Isaiah 47 (Listen)
The Humiliation of Babylon
47:1 Come down and sit in the dust,
O virgin daughter of Babylon;
sit on the ground without a throne,
O daughter of the Chaldeans!
For you shall no more be called
tender and delicate.
2 Take the millstones and grind flour,
put off your veil,
strip off your robe, uncover your legs,
pass through the rivers.
3 Your nakedness shall be uncovered,
and your disgrace shall be seen.
I will take vengeance,
and I will spare no one.
4 Our Redeemer—the LORD of hosts is his name—
is the Holy One of Israel.
5 Sit in silence, and go into darkness,
O daughter of the Chaldeans;
for you shall no more be called
the mistress of kingdoms.
6 I was angry with my people;
I profaned my heritage;
I gave them into your hand;
you showed them no mercy;
on the aged you made your yoke exceedingly heavy.
7 You said, “I shall be mistress forever,”
so that you did not lay these things to heart
or remember their end.
8 Now therefore hear this, you lover of pleasures,
who sit securely,
who say in your heart,
“I am, and there is no one besides me;
I shall not sit as a widow
or know the loss of children”:
9 These two things shall come to you
in a moment, in one day;
the loss of children and widowhood
shall come upon you in full measure,
in spite of your many sorceries
and the great power of your enchantments.
10 You felt secure in your wickedness;
you said, “No one sees me”;
your wisdom and your knowledge led you astray,
and you said in your heart,
“I am, and there is no one besides me.”
11 But evil shall come upon you,
which you will not know how to charm away;
disaster shall fall upon you,
for which you will not be able to atone;
and ruin shall come upon you suddenly,
of which you know nothing.
12 Stand fast in your enchantments
and your many sorceries,
with which you have labored from your youth;
perhaps you may be able to succeed;
perhaps you may inspire terror.
13 You are wearied with your many counsels;
let them stand forth and save you,
those who divide the heavens,
who gaze at the stars,
who at the new moons make known
what shall come upon you.
14 Behold, they are like stubble;
the fire consumes them;
they cannot deliver themselves
from the power of the flame.
No coal for warming oneself is this,
no fire to sit before!
15 Such to you are those with whom you have labored,
who have done business with you from your youth;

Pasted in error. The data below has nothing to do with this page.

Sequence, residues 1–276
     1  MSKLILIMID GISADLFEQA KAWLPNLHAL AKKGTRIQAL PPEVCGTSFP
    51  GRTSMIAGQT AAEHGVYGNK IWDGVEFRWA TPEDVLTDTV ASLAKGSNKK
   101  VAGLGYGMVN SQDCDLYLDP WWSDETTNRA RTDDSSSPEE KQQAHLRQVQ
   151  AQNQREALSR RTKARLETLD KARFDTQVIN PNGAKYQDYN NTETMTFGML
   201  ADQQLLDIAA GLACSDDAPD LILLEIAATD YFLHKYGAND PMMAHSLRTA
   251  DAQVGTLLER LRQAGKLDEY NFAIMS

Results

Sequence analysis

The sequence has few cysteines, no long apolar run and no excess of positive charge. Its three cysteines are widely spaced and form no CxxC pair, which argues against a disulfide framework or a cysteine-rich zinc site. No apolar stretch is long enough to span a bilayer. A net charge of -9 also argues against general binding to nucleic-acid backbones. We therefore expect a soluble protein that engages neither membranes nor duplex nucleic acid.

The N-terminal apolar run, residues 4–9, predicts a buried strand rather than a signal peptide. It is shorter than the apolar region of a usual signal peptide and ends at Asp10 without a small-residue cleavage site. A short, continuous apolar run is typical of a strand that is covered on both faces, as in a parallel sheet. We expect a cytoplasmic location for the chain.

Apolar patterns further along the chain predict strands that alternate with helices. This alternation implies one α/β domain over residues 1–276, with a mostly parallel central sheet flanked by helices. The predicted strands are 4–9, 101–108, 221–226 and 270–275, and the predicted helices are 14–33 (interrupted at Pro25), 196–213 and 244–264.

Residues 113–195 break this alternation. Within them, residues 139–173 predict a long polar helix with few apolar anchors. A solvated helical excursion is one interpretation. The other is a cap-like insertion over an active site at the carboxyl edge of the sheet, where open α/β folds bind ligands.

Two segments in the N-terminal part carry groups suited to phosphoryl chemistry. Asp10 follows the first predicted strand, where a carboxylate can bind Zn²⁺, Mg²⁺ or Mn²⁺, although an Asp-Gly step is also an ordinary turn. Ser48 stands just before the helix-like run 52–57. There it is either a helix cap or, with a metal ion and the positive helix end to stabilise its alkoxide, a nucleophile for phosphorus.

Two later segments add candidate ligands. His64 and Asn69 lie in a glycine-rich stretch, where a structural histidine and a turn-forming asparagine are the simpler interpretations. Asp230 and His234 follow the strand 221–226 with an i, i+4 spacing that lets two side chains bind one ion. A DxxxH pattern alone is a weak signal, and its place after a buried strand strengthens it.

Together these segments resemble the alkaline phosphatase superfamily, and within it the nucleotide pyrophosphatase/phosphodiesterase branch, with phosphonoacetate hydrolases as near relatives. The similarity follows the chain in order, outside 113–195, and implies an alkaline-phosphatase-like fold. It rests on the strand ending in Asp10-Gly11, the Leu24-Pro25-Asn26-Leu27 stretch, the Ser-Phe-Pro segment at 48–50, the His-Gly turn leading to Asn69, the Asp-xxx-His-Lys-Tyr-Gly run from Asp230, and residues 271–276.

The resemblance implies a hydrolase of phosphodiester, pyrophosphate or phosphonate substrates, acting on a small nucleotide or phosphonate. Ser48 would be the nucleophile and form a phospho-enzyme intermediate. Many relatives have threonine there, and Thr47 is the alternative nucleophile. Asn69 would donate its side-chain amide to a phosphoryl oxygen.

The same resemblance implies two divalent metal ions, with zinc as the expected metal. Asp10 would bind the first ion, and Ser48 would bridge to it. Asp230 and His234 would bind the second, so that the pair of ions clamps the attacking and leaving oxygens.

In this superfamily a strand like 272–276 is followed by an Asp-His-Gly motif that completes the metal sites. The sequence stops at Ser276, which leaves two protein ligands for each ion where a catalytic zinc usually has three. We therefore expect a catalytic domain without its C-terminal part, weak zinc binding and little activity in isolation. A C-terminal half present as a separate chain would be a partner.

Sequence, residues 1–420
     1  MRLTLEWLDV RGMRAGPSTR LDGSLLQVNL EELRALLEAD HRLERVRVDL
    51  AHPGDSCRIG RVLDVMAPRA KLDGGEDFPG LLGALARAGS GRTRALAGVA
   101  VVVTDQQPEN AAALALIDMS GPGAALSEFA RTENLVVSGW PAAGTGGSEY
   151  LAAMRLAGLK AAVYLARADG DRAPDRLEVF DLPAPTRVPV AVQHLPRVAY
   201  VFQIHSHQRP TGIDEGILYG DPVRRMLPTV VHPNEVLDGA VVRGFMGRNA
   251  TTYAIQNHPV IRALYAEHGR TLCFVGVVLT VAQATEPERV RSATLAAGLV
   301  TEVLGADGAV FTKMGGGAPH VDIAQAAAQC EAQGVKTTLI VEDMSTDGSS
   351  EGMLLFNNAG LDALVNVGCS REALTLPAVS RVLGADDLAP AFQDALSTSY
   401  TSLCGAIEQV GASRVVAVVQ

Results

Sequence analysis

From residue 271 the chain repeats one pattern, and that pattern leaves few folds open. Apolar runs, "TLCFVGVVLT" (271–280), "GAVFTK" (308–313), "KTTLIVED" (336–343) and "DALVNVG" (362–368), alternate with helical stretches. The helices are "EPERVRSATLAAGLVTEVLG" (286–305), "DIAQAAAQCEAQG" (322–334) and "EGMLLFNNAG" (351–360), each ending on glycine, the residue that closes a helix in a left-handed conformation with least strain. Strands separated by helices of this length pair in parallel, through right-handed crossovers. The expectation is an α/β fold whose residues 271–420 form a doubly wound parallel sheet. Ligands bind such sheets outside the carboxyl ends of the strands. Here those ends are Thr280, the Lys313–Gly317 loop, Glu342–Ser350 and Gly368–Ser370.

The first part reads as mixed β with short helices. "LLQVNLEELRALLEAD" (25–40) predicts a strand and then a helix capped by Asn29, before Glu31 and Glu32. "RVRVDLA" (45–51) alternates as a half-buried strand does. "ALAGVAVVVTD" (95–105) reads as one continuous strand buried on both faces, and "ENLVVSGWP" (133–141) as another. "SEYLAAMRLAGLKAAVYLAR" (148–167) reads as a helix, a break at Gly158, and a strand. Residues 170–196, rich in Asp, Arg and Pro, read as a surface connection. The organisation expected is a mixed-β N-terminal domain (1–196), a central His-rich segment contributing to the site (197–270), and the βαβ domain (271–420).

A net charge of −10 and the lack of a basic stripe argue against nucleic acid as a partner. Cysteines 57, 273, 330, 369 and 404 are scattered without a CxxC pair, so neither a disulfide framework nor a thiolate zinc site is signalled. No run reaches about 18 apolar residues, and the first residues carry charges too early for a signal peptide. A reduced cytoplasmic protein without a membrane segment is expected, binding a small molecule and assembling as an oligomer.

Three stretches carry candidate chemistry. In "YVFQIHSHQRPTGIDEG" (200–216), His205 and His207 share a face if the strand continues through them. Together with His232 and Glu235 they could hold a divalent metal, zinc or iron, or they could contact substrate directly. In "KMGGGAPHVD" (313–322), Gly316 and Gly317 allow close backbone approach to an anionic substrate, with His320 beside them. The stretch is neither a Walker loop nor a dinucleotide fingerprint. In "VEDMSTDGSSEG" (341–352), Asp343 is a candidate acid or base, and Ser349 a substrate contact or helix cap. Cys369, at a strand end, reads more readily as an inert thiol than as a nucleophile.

they wander about, each in his own direction;
there is no one to save you.
Hebrews 10:19–31 (Listen)
The Full Assurance of Faith
19 Therefore, brothers, since we have confidence to enter the holy places by the blood of Jesus, 20 by the new and living way that he opened for us through the curtain, that is, through his flesh, 21 and since we have a great priest over the house of God, 22 let us draw near with a true heart in full assurance of faith, with our hearts sprinkled clean from an evil conscience and our bodies washed with pure water. 23 Let us hold fast the confession of our hope without wavering, for he who promised is faithful. 24 And let us consider how to stir up one another to love and good works, 25 not neglecting to meet together, as is the habit of some, but encouraging one another, and all the more as you see the Day drawing near.
26 For if we go on sinning deliberately after receiving the knowledge of the truth, there no longer remains a sacrifice for sins, 27 but a fearful expectation of judgment, and a fury of fire that will consume the adversaries. 28 Anyone who has set aside the law of Moses dies without mercy on the evidence of two or three witnesses. 29 How much worse punishment, do you think, will be deserved by the one who has trampled underfoot the Son of God, and has profaned the blood of the covenant by which he was sanctified, and has outraged the Spirit of grace? 30 For we know him who said, “Vengeance is mine; I will repay.” And again, “The Lord will judge his people.” 31 It is a fearful thing to fall into the hands of the living God.
John 5:2–18 (Listen)
2 Now there is in Jerusalem by the Sheep Gate a pool, in Aramaic called Bethesda, which has five roofed colonnades. 3 In these lay a multitude of invalids—blind, lame, and paralyzed. 5 One man was there who had been an invalid for thirty-eight years. 6 When Jesus saw him lying there and knew that he had already been there a long time, he said to him, “Do you want to be healed?” 7 The sick man answered him, “Sir, I have no one to put me into the pool when the water is stirred up, and while I am going another steps down before me.” 8 Jesus said to him, “Get up, take up your bed, and walk.” 9 And at once the man was healed, and he took up his bed and walked.